NEW YORK, NY — Eighteen U.S. colleges and universities made The Princeton Review's 2011 Green Rating Honor Roll for maintaining the most sustainable practices, policies and course offerings among all campuses rated for their environmental friendliness, said the company that created the popular "best colleges" guides.
The Princeton Review issued its third annual green honor roll along with its green ratings for colleges yesterday. Guides containing school profiles with the green scores go on sale today and next week.
This year 703 schools, the most thus far, submitted environmental information that was scored on a scale of 60, the least possible score, to 99, the highest possible score. The schools on the honor roll received scores of 99.
Here is a list of the honorees (details of some of their environmental elements are on the last page):
- Arizona State University, Tempe
- College of the Atlantic, Bar Harbor, Maine
- The Evergreen State College, Olympia, Wash.
- Georgia Institute of Technology, Atlanta
- Harvard College, Cambridge, Mass.
- Northeastern University, Boston, Mass.
- Northland College, Ashland, Wisc.
- State University of New York - Binghamton University
- Unity College, Unity, Maine
- University of California, Berkeley
- University of California, Santa Barbara
- University of California, Santa Cruz
- University of Georgia, Athens
- University of Maine, Orono
- University of Maryland, College Park
- Warren Wilson College, Asheville, NC
- West Virginia University, Morgantown
- Yale University, New Haven, Conn.
"The heartening thing is the number of the schools that are participating," said David Soto, director of college ratings for The Princeton Review.
In 2008, when The Princeton Review began its green rating and honor roll program, more than 500 colleges and universities submitted information for profiles that appeared in the company's 2009 edition. Eleven schools were named to the honor roll, Soto said.
In 2009, the number of green-rated schools grew to more than 600 and 15 made the honor roll. Eight of them made the list again this year: Arizona State University, the College of the Atlantic, the Evergreen State College, Georgia Tech, Harvard, Northeastern, UC Berkeley and Yale.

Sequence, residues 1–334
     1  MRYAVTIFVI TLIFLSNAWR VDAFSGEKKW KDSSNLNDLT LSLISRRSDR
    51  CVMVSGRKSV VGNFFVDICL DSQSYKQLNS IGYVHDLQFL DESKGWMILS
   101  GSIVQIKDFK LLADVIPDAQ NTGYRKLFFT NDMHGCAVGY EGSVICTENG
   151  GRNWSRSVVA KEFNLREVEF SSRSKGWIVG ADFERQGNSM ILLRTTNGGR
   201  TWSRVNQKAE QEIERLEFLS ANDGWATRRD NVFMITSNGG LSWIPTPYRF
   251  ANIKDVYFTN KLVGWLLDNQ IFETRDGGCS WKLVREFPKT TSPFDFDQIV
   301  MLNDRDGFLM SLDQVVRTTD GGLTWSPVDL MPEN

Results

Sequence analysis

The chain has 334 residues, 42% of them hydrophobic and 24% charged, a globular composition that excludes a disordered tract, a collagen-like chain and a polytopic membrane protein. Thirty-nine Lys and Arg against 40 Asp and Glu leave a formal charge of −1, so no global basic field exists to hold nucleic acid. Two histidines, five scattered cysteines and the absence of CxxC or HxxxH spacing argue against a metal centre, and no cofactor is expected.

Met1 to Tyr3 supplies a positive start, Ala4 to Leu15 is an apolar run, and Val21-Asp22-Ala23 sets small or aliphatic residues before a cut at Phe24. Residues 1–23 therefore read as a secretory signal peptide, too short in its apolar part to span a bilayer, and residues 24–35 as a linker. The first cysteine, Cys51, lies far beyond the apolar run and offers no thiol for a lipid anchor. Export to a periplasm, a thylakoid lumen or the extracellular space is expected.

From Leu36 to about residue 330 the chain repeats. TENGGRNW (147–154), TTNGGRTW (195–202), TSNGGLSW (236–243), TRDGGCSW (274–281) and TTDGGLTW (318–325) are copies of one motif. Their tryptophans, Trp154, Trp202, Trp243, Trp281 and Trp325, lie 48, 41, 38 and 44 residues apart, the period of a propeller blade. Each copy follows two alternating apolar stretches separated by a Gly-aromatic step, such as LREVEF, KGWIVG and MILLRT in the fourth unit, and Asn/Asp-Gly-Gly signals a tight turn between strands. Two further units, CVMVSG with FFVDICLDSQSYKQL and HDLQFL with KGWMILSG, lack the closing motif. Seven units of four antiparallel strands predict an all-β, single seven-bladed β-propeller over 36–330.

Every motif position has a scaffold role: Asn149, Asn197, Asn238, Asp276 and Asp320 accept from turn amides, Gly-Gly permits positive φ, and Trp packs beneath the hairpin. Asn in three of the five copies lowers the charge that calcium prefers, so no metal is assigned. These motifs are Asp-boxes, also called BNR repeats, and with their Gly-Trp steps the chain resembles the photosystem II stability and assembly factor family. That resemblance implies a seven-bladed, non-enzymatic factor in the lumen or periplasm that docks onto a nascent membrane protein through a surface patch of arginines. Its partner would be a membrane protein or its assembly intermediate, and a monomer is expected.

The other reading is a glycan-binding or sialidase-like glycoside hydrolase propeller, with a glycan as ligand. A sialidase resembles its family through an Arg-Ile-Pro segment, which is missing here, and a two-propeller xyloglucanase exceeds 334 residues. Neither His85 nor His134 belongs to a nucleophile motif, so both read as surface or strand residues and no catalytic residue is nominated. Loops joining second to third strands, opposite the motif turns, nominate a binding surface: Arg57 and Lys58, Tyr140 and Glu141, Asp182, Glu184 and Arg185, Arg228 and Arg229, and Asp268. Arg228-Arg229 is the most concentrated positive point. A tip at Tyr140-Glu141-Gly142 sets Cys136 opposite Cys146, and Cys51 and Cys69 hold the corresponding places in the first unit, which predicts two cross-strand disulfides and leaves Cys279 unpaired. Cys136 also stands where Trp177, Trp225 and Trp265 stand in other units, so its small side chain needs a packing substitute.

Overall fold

The Princeton Review developed its green rating program with help from EcoAmerica in response to interest from students about college practices on sustainability issues. In 2008, The Review's annual hopes and worries survey showed that 63 percent of college applicants and their parents said they would value information about colleges' environmental commitments and that data could affect their choices of schools.
Last year, 67 percent of survey respondents said environmental information could sway college choices, and this year 64 percent said the same. Soto attributed the dip in the survey response to continuing worries about the economy taking precedence over other considerations. Despite it, the interest and support for the green rating program remains strong, he said.
"We're very pleased that students and schools alike see the value of green ratings," said Meighan Speiser, marketing vice president at EcoAmerica. They continue to be very relevant." The growing number of schools in the green ratings program and the number of Review publications containing them attest to the demand for the data, she said.
Green ratings of participating schools are included in the 2011 editions of The Princeton Review's "The Best 373 Colleges" and "Complete Book of Colleges," which were both available for sale as of today, and "The Best Northeastern Colleges," which goes on sale August 10.
Earlier this year, The Princeton Review and the U.S. Green Building Council released a free online guide of the greenest 286 colleges and universities in the United States. The guide, released to mark the 40th anniversary of Earth Day, included only the schools that attained scores in the 80th percentile or better among the pool of 697 that received green ratings in 2009.
In the three years of the program, students have become increasingly involved in the decisions colleges and universities make about their sustainability practices, policy and educational programs. "Students are becoming stakeholders in what's happening and they are really taking the initiative," Soto said.
"They're taking a place at the table with administration to make decisions not only in the meetings but also in terms of voting with their pocketbooks," he said, referring to students at The Evergreen State College who signaled their support for green power by assessing themselves a fee earmarked for the campus's renewable energy purchases.
Next Page: Details on Green Honor Roll schools.